Give an example of when an officer could use the SARA model in policing.
A police officer could use the SARA model in many different circumstances. One such circumstance would be a situation in which there were a number of break-ins in a given neighborhood. Let us see how SARA would apply here.
The first step in SARA is scanning. This is the step in which the problem is identified. An officer could look at crime statistics to make sure that the number of break-ins in the neighborhood really is high compared to other neighborhoods. This is important to make sure that this really is a problem.
The second step is analysis. The officer would try to determine what might be causing this problem. For example, if a burglary suspect is apprehended, the officer might question that person to try to understand what is causing them to commit crimes in this particular time and place.
The third step is response. Let us say that the officer believes that the crimes are caused by a lack of vigilance in the neighborhood on the part of residents and police. The officer could then start a neighborhood watch program. They could patrol the area more often. These actions would be logical responses to the way they analyzed the situation.
Finally, there is assessment. After a suitable period of time, the officer would need to look at the crime statistics and see if the break-ins have become less frequent. This step would help to determine if the response was the correct one.
SARA is a problem-solving model that entails scanning, analysis, response, and assessment. Crime is a problem that law enforcement agents deal with on a day to day basis. Thus, as a model, SARA can be used to provide solutions to deal with crime and crime related activities.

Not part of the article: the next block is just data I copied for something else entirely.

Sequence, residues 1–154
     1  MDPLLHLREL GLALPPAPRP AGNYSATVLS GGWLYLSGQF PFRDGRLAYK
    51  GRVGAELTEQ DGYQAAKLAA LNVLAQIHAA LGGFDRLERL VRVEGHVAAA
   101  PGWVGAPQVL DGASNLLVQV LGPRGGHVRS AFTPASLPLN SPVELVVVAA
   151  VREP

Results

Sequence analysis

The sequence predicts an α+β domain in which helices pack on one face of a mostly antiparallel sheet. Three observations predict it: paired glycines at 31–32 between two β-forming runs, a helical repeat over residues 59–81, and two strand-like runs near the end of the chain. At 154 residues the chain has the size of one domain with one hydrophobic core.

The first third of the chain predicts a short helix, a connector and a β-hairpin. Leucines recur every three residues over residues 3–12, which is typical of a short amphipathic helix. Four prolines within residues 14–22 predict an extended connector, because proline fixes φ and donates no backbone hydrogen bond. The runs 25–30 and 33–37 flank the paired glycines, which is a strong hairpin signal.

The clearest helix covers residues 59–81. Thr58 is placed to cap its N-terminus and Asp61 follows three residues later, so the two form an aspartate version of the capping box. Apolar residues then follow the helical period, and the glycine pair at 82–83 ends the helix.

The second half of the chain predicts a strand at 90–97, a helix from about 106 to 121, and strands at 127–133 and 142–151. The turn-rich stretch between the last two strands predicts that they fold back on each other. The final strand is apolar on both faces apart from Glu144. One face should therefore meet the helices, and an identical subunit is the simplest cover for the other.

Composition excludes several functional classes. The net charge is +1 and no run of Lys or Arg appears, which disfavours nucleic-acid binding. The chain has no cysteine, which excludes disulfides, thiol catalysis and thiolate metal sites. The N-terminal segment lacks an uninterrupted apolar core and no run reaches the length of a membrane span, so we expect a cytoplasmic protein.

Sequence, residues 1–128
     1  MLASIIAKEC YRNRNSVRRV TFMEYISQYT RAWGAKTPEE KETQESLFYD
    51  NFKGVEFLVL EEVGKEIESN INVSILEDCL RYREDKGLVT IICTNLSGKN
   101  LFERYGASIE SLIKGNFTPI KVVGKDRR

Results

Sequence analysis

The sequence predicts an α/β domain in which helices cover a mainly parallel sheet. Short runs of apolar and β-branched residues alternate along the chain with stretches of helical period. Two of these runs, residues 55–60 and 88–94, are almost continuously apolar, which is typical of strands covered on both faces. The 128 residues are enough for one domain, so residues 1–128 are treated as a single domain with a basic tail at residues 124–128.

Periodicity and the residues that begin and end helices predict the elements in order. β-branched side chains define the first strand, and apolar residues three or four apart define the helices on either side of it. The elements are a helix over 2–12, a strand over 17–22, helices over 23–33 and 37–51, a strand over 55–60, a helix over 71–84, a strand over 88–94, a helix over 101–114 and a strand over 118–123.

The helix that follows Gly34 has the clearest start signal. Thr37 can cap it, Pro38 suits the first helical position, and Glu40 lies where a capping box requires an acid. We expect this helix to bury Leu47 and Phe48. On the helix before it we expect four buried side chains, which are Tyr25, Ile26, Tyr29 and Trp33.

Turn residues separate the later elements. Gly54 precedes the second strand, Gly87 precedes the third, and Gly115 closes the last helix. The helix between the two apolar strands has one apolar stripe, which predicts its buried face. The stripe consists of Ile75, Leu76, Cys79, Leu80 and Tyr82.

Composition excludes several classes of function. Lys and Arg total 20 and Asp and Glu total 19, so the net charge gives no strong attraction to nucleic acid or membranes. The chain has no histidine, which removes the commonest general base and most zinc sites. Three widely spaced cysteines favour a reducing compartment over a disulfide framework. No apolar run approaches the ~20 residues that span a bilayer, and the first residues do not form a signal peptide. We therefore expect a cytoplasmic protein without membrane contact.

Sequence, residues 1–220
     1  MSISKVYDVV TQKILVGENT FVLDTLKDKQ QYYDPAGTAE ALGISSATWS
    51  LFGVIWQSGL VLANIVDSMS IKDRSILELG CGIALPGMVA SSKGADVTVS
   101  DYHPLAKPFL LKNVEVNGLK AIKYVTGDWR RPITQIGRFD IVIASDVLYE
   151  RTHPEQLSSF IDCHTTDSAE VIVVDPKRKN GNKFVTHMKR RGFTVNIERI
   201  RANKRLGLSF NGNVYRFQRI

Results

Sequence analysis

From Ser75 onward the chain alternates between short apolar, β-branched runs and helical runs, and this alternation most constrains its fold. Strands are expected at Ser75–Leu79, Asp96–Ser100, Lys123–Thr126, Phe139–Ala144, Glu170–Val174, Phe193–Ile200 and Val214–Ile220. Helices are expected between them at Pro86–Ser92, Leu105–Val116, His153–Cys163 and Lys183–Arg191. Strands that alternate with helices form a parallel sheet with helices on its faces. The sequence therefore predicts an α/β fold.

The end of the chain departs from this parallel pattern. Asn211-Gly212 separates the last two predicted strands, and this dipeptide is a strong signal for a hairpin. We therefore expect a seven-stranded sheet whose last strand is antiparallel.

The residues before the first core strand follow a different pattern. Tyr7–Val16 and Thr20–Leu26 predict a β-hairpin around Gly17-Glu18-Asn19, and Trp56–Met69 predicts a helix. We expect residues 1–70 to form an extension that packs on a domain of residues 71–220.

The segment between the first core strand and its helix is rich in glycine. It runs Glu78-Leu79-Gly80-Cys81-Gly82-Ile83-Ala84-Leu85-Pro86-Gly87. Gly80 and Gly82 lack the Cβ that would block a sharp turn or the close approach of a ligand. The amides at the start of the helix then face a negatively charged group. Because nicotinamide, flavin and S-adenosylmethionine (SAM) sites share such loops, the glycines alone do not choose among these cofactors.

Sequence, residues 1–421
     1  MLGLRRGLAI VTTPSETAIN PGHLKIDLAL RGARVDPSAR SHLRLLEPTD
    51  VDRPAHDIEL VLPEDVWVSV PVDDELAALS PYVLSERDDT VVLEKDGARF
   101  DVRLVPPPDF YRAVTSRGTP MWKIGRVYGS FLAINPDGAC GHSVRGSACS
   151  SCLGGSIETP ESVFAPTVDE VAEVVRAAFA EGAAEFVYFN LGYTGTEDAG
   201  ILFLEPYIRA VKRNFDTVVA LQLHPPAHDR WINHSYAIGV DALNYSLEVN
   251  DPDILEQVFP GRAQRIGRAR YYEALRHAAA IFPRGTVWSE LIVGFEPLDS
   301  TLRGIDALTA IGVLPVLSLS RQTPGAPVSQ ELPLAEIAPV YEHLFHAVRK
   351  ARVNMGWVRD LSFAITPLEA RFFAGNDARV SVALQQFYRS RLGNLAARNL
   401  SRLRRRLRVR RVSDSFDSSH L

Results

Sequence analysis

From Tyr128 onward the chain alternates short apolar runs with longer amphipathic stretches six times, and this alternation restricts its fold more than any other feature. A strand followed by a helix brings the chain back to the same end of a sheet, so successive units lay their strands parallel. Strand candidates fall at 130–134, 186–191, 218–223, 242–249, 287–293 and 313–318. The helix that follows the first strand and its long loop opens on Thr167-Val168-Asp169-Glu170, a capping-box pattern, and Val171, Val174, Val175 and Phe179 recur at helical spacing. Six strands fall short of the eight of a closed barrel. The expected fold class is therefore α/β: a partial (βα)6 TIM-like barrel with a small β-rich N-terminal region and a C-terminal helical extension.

Scanning: The police under this section identify the problem; one example, for instance, could be organized crime by gangs. A description of the gangs and their identifiable characteristics is also provided.
Analysis: Once the police identify organized crime by gangs as the problem, they will need to identify members of these gangs, their motivations, their numbers, and the environmental factors that support their activities.
Response: The police will outline solutions to combat the problem of organized crime. The enforcement agents may start with sensitizing the community and seeking their support, infiltrate the gangs to gain insider knowledge of their operations, or develop an action plan of dismantling the gangs and rehabilitating the members.
Assessment: The enforcement agents and agencies would evaluate the process and determine its impact and effectiveness in combating crime. It is also at this level that they would identify additional problems that hinder the efficacy of their law enforcement activities.
The SARA model is a police problem-solving technique that involves scanning, analysis, response, and assessment. It could be used to examine the events that led up to a riot at a concert.
- Scanning: This would involve identifying the riot as a problem and setting goals to prevent future such events from occurring.
- Analysis: This step involves identifying the events that led up to the riot and using data, including interviews with police officers, bystanders, and participants in the riot, as well as video or other data to analyze what came before the event and the event itself. This type uses the data to produce a working hypothesis about why this event occurred.
- Response: During this stage of the analysis, investigators identify possible new ways to handle a riot or the antecedent to a riot and determine resources that might be helpful in preventing future riots. For example, to prevent a riot from breaking out at a concert, the police might decide to use gates or to control crowd behavior.
- Assessment: This stage involves determining whether the intervention, such as controlling crowds at concerts, has produced the desired effect, including fewer arrests, less unruly crowd behavior, and safe attendance at events.